This paper is about the havoc World War I unleashed on Germany and its impact on the Weimar Republic. While the war dismantled Imperial Germany, a second war soon began to brew within the newly-formed republic. This war over the memory of the Great War was a key player in Weimar’s destruction, and was rooted in differing interpretations of the war’s meaning, which existed as soon as the declarations of August 1914. The first of such narratives was the “Spirit of 1914,” an exuberant celebration of the war’s conception that took hold of Germans and drove them and their celebrations into the streets. Roger Chickering, Professor of History in the Center for German and European Studies at Georgetown University, argues that this “rhapsody on national unity offered no realistic formula for solving the problems that beset Germany in 1914 [and] …. was bound instead to raise expectations that the pressures of industrial warfare were calculated to frustrate.”1 As colossal losses and the realization that this war would not be quickly fought and won beset Germans, many realized that the optimistic promises the “Spirit of 1914” offered would come to naught. The almost immediate frustration of the “Spirit of 1914” was a dark foreshadowing of the effects of the Great War.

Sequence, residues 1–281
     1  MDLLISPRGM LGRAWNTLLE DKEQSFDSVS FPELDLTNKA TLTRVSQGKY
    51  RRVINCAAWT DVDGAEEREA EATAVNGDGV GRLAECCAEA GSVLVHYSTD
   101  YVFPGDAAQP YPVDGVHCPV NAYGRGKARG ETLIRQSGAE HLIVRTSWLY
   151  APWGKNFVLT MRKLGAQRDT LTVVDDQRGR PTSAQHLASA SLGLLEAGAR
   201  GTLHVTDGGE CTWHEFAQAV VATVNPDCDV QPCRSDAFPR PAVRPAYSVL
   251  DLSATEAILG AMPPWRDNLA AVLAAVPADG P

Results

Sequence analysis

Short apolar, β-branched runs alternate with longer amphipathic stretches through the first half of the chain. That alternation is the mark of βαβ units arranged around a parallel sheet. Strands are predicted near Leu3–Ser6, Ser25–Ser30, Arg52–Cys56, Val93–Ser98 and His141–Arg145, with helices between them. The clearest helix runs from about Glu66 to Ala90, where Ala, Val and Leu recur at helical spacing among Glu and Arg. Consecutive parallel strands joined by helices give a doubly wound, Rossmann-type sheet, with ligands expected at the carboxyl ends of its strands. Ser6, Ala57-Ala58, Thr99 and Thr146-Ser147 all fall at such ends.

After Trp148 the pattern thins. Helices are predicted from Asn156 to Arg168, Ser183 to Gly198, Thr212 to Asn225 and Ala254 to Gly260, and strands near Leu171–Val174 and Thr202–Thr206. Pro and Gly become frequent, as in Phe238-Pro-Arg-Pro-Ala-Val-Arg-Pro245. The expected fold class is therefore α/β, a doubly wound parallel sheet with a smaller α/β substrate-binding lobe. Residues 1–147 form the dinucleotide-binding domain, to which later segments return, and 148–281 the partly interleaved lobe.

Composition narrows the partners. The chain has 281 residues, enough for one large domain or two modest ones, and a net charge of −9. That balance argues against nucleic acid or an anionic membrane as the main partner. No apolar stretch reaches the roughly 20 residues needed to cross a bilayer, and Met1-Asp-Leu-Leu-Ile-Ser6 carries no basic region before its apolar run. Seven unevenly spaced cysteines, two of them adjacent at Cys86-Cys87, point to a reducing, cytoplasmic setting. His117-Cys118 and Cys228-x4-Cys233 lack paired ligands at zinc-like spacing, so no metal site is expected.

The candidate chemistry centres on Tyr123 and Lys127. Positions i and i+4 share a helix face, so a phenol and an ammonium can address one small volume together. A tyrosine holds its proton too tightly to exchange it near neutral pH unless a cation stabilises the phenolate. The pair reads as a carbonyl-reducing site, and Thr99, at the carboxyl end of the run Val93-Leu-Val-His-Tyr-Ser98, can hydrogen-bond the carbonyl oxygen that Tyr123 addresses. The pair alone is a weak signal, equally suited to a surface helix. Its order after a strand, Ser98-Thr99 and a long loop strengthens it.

Weimar Republic, German History, Spirit of 1914
European History | History | Political History
Dixon, Madeline, "The Weimar Republic and the War of Memory" (2020). The Larrie and Bobbi Weil Undergraduate Research Award. 11.